Present Since The Creation


The postwar babies who had caused an expansion in school systems and a plethora of jobs for educators were grown now and seeking jobs of their own, just when delayed marriages and increased family planning meant there were fewer children to be educated. There was a glut of teachers, social workers, and librarians. Typically, jobs in the professions called for a graduate degree; beginners who wanted to get started at once had to drive taxis and wait on tables.

One of our tasks was helping people change fields. A client who was telling employers that she had worked for a theatrical agency—and was getting the phone slammed in her ear—changed her opening line to “I interviewed men and women of all ages for an office that placed actors in every sort of role.” She immediately got a job in personnel.

More and more women began returning to work after their children had grown. It was not a matter of boredom; it was a necessity. Rising expenses brought the two-income family into being. And suddenly employers wanted women more than ever. They asked for those who had been around long enough to know what they wanted and who would stay. Uncomfortable questions about marital and family plans didn’t come up; they were against the law.

Then came the rush to the bandwagon. Everybody wanted to do what we had been doing for twenty years—helping women develop careers. Colleges introduced job-related studies to address the new fervor for careers and to answer freshmen’s questions about the relevance of certain majors. Economics majors would study accounting; psychology majors would study marketing; some took double majors. Fathers cross-examined admissions officers about the chances of their daughters getting jobs after graduation.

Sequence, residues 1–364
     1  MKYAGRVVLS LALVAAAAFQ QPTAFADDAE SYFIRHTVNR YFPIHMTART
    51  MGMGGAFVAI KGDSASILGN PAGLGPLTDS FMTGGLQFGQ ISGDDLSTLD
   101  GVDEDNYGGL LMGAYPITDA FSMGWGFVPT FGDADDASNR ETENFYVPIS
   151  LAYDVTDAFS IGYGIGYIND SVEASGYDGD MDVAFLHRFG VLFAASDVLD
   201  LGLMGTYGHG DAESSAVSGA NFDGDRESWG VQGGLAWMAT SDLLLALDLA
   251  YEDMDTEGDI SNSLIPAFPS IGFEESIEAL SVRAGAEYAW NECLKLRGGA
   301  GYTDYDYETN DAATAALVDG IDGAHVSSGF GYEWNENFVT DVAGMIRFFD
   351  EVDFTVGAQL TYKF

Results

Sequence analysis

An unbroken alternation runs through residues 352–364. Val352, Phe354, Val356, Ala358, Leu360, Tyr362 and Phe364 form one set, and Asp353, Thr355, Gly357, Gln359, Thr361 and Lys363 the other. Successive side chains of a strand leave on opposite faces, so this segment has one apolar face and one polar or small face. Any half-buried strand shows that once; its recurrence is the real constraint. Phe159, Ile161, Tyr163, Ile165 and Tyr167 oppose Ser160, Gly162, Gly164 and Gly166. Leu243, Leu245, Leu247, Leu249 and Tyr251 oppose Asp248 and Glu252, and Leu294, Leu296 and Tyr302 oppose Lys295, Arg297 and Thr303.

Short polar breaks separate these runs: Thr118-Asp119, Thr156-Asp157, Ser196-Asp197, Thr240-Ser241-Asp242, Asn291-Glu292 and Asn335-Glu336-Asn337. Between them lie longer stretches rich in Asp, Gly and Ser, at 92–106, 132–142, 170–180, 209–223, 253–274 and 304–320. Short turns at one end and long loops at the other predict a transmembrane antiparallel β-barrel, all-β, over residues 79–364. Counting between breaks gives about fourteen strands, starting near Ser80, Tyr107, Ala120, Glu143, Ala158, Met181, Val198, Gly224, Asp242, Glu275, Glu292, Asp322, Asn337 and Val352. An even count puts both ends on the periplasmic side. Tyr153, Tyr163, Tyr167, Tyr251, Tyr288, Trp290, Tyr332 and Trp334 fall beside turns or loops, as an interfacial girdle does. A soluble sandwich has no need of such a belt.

New organizations sprang up to help with jobs, career planning, executive placement; others provided support programs such as assertiveness training and time planning. Our own work was affected in an unexpected way. Clients wanted us to interpret the advice that these new agencies had given them. And well they might. One woman, told that she was qualified to be a CEO, asked me sardonically, “Do you know of any openings for CEOs?”

The 1980s found college seniors planning their careers to make money rather than pursue their interests, a trend that produced a surplus of doctors and lawyers. Women started entering college at any age, and there were fewer returners because so many women were already at work.

Employers, realizing that providing services for women would be to their advantage, allowed time off for pregnancies, gave family leave, and set up daycare centers. They created part-time jobs—and interesting ones—some of which could be done at home on computers.

A bank asked us to find a replacement for someone in its mergers-and-acquisitions department. The job entailed interviewing the financial officers of companies considering a merger. I talked to the woman who was leaving and asked her, as diplomatically as possible, if it wasn’t hard for a woman to worm out the information she needed from male executives.

“No,” she said. “Actually, it was easy. I could see them say to themselves, ‘She won’t understand what I have to say,’ and then relax and divulge more than they would to men.”

I retired before the nineties dawned, but of course I was curious about what lay ahead. Then one day I was invited to give a talk at a Bryn Mawr alumnae club. I wondered what I could say that would interest them. Suddenly I realized the historical significance of the panorama I had been witnessing over the years as the raw recruits of the women’s movement filed past my desk.

I had my speech.

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